Women make the news, mere men mumble
When the women took possession of the Mail Tribune newsroom Saturday, May 21, 1910, not everyone was happy.
Hardnosed male reporters bit their tongues, smothering their dissent in low, rumbling mumbles. This was the boss’ idea, and nobody was stupid enough to complain.
Owner and Editor George Putnam had come up with a grand marketing and advertising scheme for the newly created newspaper, a merging of the Medford Mail and Medford Tribune newspapers. Let the women of the area create a “Woman’s Edition” and sell the idea to advertisers.
The women would report, write and edit the paper and give it a decided female slant.
New to the business, the women were taught some newspaper jargon. “Copy” was the story typed out on paper. “Sticks” were the three-inch lines of metal type, including the gadget that held them all in place. “Galleys” were the printed pages used to proofread the edition before final printing. “Dope” was an indication that a column of a story was continued on a separate galley.
There was quite a bit of apprehension and alarm when a staff member asked the women who would be “walking the ghost?” Tensions eased when they discovered the man meant a ghostwriter, someone who wouldn’t get credit and would type a story for a woman reporter who couldn’t type.
The stories ranged from an interview with William Crowell, president of the First National Bank, to club meetings and upcoming entertainment in the Medford theaters.
Two of Medford’s most popular musicians, Grace Brown and Jeunesse Butler, who, when not performing a concert, took turns playing the organ in Medford’s silent movie theaters, appeared on the first page of the second section of the paper.
Grace had just returned from San Francisco after taking some music lessons and giving a piano concert. Jeunesse had a byline as a reporter. She squashed a local rumor that A.A. Davis, the Medford flour manufacturer, was planning to turn his Ninth Street flour mill into an “up-to-date hotel.”
One prominent page featured women drivers. “Medford’s Fair Chauffeurs May Be Counted by the Score,” said the headline. “All Are Experts and Scorn Services of Mere Man in Handling Cars.”
Mary Reddy, wife of a former Medford mayor, was the winner in quantity, personally parking three automobiles in her garage — a Ford, Cadillac and an Overland. “She drives them all with equal skill.”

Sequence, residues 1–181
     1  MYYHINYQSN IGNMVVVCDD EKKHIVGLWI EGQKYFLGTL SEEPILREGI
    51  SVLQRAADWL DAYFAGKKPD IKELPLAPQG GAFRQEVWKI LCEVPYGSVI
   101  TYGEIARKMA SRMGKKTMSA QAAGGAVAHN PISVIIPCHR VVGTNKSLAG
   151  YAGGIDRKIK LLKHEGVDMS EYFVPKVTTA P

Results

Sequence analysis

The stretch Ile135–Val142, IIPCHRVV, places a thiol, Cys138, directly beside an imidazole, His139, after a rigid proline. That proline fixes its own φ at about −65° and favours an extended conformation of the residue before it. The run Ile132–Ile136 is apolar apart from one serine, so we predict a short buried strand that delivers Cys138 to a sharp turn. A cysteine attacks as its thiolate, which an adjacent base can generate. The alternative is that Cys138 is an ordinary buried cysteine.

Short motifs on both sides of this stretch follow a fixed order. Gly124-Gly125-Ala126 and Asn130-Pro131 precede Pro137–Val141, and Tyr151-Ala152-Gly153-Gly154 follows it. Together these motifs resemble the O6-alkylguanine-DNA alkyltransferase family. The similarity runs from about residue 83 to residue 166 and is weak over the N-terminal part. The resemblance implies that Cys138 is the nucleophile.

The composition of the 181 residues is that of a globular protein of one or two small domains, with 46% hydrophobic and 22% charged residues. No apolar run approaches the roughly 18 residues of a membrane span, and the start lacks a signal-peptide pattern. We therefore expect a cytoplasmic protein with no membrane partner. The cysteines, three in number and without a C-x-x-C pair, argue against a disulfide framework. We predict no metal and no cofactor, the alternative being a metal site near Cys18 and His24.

Anna Hafer, wife of a lumber company owner, wrote about her history-making solo drive to Crater Lake in her Packard, giving an account of what the road to Crater Lake was like in 1910.
“I failed to note any unusual scenery en route,” she said. “I saw nothing but crooked, dusty roads, piles of rock, flocks of stumps, and a continuous streak of brush, with an occasional stream to bar the way.”
Ina Olwell, wife of a county commissioner, had her husband “ghost walk” her story under the name “Judge,” the title commissioners were often known by. The “Judge” had accompanied her to Crater Lake in her Buick.
Ina drove the lead car in a five-car caravan, covering the 83 miles to the lake in 10 1/2 hours, the last few hours driving in the dark. Even so, she pressed on. “We are going into Crater camp tonight,” she said, “or bust every tire on my machine.” They slept that night in Camp Steel.
“The Woman’s Edition was a decided financial success,” editor Putnam said, “thanks to the generosity of the business men, and to the energy of the women. The proceeds were so much greater than was expected.”
At the end of the day, one woman looked around and said she wished women were in charge of the newspaper every day. Apparently no one, especially the women, heard that low mumbling sound rumbling under the breaths of the regular staff.
Writer Bill Miller is the author of five books, including “History Snoopin’,” a collection of his previous history columns and stories. Reach him at email@example.com.